A Systematic Review and Meta-Analysis of the Effectiveness of Psychological Interventions Delivered by Physiotherapists on Pain, Disability and Psychological Outcomes in Musculoskeletal Pain Conditions

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This systematic review and meta-analysis examined the effectiveness of physiotherapist delivered psychological interventions combined with physiotherapy on pain, disability, and psychological outcomes for patients with musculoskeletal pain conditions.


The review was conducted in accordance with the (PRISMA) guidelines. Five databases were systematically searched for randomized controlled trials from inception to May 2016. Studies were required to compare a psychological intervention delivered by physiotherapists combined with physiotherapy to physiotherapy alone or usual care. Physiotherapists delivering the interventions must have undergone training by a psychologist or a health professional trained in the delivery of psychological interventions.


A total of 34 articles met the eligibility criteria, of those, 30 were suitable for meta-analysis. There was low to high quality evidence that physiotherapist delivered psychological intervention combined with physiotherapy decreased pain in the short (26 studies, mean difference=−0.37; 95% confidence interval [CI], −0.65 to −0.09) and long term (22 studies, mean difference=−0.38; 95% CI, −0.67 to −0.10) and decreased disability in the short term (29 studies, standardized mean difference =−0.14; 95% CI, −0.26 to −0.01). Effect sizes were small. Low to high quality evidence demonstrated small to medium effects for some psychological outcomes at short-term and long-term follow-ups.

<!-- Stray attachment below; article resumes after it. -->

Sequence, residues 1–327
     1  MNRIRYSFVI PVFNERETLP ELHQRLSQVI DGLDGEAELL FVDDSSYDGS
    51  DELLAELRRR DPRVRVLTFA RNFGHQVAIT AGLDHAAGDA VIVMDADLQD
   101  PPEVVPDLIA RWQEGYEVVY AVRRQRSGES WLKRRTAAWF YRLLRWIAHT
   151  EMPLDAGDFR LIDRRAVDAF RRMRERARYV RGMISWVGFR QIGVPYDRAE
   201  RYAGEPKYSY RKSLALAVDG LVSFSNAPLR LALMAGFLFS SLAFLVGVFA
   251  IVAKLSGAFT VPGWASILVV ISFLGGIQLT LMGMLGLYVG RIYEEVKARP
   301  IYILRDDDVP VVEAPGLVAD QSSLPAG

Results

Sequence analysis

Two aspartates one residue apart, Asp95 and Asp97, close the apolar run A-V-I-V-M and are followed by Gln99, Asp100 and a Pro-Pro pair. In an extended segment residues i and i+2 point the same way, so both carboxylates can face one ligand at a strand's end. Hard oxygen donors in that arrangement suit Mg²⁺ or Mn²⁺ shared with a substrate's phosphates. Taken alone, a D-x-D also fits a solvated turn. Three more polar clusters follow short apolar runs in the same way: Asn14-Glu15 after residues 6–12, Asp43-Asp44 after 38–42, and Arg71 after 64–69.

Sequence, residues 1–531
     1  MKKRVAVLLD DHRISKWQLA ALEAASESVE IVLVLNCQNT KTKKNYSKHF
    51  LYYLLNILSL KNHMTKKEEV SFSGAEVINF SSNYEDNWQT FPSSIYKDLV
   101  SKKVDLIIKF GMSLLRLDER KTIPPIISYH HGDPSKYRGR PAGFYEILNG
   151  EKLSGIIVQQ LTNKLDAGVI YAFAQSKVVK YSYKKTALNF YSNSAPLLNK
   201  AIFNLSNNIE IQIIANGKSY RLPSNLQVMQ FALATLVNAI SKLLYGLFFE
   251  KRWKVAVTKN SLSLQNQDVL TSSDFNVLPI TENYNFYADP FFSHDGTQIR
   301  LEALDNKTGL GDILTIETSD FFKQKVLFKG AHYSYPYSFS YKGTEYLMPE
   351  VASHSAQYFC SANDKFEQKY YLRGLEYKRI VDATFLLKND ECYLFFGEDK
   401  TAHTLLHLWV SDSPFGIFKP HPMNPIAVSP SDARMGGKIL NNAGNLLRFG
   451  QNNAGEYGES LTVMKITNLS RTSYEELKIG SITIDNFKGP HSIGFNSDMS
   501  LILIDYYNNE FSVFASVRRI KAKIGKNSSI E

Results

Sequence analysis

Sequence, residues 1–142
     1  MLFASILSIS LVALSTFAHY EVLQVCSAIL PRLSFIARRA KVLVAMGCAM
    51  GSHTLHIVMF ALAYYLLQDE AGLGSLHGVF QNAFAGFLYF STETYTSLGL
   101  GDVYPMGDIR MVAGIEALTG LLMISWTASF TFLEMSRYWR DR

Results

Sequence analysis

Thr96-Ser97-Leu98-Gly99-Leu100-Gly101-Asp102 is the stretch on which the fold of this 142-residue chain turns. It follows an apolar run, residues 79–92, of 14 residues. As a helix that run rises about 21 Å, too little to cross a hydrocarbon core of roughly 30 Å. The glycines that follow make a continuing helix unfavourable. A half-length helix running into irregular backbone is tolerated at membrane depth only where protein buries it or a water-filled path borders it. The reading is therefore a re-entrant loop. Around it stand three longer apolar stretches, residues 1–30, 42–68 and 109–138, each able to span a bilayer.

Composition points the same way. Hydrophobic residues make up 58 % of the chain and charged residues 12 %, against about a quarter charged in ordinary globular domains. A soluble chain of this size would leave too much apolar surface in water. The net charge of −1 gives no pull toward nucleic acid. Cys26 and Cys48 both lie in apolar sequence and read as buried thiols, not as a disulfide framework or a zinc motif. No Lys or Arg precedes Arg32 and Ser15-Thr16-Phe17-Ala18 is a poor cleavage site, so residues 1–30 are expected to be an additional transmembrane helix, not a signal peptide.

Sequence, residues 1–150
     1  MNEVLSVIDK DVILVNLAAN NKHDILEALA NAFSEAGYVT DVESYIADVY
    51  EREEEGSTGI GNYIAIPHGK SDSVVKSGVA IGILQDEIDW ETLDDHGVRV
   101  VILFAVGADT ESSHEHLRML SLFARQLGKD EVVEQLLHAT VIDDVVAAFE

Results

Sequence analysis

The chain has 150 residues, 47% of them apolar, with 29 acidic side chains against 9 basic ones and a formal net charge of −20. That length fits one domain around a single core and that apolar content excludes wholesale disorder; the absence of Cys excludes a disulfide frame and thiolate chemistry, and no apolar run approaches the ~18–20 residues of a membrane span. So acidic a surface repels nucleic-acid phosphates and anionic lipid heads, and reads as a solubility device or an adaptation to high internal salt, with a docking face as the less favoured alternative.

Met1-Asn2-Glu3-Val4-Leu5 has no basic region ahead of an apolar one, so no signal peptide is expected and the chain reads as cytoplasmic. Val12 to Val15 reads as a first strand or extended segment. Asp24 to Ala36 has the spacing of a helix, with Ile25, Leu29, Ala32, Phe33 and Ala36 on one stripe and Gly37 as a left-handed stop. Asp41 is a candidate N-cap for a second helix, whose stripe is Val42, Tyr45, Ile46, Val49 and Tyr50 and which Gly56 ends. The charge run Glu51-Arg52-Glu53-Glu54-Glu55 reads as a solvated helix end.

The results indicate that psychological interventions delivered by physiotherapist show promise to improve health outcomes, particularly psychological outcomes, in musculoskeletal pain conditions.

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